Red Bull Triumphs in Opposition Before the Turkish Patent and Trademark Office

The Turkish Patent and Trademark Office has upheld Red Bull’s opposition against an application for a composite mark intended for energy drinks.


The applicant, a food company established in 1996, sought to register the below trademark in Class 32 – particularly for energy drinks.


This application passed the initial examination and was published in the Official Trademark Bulletin of the Turkish Patent and Trademark Office, for possible third-party oppositions.

Red Bull challenged the application based on likelihood of confusion with its earlier registration for the following mark.

The office found that the trademarks are similar to one another with regard to visual, phonetic and conceptual aspects and cover similar goods. It concluded that there was thus a likelihood of confusion between the marks.

As a result, the application for the BLACK TALLBOSS trademark was rejected.

The applicant did not challenge the office’s decision and therefore the refusal is final and binding.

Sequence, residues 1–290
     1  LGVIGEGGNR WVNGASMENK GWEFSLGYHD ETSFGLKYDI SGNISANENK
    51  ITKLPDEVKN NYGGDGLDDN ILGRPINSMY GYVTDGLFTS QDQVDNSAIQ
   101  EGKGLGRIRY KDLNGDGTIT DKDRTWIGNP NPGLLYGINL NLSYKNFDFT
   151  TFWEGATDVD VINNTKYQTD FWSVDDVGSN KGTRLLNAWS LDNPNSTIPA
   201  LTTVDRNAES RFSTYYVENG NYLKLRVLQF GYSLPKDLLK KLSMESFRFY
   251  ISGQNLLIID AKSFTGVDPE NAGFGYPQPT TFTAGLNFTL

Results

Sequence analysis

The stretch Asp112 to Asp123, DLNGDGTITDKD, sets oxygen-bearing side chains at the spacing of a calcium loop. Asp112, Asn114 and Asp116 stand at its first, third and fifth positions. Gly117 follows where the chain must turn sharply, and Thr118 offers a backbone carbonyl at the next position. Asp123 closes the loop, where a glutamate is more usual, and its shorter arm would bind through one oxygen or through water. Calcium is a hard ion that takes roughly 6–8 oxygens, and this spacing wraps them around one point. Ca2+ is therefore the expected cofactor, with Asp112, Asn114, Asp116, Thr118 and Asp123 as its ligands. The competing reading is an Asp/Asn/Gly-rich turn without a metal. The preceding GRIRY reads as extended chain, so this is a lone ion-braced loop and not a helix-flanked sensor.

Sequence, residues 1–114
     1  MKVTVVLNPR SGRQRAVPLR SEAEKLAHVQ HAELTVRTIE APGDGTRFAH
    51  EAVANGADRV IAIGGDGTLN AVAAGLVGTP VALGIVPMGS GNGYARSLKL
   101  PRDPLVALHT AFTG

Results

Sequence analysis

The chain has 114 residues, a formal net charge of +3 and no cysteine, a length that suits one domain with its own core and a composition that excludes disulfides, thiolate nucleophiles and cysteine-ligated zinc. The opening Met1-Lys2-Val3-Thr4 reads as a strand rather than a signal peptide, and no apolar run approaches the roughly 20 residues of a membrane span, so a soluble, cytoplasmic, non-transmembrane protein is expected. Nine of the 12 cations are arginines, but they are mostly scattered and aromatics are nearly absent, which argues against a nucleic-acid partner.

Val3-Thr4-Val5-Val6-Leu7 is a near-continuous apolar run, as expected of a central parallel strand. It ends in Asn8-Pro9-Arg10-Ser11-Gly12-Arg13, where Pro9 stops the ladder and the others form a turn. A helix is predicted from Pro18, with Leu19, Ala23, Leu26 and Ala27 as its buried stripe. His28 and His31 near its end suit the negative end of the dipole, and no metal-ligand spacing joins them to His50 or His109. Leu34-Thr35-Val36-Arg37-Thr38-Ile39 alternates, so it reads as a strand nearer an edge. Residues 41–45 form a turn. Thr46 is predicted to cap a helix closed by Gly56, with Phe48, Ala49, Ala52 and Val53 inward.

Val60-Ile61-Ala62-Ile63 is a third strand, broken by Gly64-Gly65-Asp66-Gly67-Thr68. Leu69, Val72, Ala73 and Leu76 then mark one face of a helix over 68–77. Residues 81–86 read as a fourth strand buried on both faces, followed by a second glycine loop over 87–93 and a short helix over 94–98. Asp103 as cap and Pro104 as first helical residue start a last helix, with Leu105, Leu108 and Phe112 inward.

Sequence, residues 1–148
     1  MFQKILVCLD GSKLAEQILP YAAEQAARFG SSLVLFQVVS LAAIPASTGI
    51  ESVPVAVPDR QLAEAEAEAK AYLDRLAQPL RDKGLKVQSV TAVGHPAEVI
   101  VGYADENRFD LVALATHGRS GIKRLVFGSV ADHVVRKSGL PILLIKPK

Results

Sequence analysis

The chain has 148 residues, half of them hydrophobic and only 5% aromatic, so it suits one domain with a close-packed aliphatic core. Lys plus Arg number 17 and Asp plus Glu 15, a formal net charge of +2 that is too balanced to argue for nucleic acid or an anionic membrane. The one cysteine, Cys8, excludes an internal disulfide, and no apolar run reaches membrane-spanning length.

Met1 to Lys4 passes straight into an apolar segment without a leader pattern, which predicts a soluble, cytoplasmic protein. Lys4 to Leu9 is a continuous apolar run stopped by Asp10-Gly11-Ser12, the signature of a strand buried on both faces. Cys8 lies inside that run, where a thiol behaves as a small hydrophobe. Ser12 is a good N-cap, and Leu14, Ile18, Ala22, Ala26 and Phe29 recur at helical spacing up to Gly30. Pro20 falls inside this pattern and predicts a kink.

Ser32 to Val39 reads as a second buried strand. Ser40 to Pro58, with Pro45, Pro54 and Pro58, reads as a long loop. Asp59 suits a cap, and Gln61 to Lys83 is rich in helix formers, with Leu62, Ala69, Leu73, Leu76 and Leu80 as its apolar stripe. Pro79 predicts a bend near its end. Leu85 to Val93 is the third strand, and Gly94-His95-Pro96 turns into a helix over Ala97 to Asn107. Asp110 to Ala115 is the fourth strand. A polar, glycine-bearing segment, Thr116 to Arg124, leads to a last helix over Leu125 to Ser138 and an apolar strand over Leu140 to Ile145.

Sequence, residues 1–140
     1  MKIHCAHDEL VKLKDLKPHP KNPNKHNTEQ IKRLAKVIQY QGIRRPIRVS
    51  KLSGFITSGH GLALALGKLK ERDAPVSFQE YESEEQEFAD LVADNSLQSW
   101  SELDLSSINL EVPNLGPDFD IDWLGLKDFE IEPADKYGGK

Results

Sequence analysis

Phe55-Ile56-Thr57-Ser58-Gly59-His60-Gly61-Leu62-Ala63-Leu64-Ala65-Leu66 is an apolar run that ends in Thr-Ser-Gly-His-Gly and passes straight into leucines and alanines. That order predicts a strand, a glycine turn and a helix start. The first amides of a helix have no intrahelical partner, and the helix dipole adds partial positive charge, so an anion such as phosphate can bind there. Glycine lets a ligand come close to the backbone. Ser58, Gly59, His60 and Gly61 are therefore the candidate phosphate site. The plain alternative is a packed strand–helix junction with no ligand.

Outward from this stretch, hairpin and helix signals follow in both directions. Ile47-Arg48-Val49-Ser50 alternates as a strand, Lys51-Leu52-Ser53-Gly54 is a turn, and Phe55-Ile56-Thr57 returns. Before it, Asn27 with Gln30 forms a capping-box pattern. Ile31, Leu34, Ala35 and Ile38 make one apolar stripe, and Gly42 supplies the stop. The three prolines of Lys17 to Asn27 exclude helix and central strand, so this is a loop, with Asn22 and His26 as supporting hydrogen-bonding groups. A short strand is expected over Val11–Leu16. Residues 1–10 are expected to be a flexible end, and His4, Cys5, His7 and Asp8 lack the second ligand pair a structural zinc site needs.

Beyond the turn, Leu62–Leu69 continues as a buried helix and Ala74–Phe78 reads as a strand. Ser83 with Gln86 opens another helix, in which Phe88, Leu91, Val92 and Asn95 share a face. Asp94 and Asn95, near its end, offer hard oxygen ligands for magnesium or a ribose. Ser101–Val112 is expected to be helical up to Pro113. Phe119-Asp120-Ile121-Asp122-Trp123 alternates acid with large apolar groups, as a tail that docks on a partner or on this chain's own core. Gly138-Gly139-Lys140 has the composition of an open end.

The BLACK TALLBOSS mark is a composite mark consisting of word elements combined with a figurative element and a background featuring two colours. Red Bull’s black and gray trapezoid mark is a mere graphic mark, consisting of a colour combination and a trapezoid device.


Where a trademark is composed of verbal and figurative elements, generally the verbal elements dominate, since words are recognised in the same way by viewers, while figurative elements are mostly impressionistic. While this is not the rule of law and there are several cases where figurative elements have been found to be dominant, such as the present one, the Turkish Patent and Trademark Office’s approach has mostly been in line with this reasoning.

However, the decision in the case at hand shows that the office clearly found the figurative element of the BLACK TALLBOSS mark to be the main element and therefore, the lack of a verbal element in Red Bull’s black and grey trapezoid mark did not eliminate the overall similarity between the marks resulting from the similarity of the colour combinations and graphic features.

We normally see a limited perspective from the office towards figurative trademarks consisting of colour combinations only, which can make it challenging to prevent applications for marks with similar colour combinations to the earlier marks. However, in this instance the office adopted a broad interpretation with respect to the similarity of the signs and found confusing similarity between them.

In this respect, this decision supports the Turkish Patent and Trademark Office’s broader and more liberal examination of likelihood of confusion and is a reminder to brand owners to take the available administrative steps before the office rather than acting conservatively.

First published by WTR in Aug 27, 2021.

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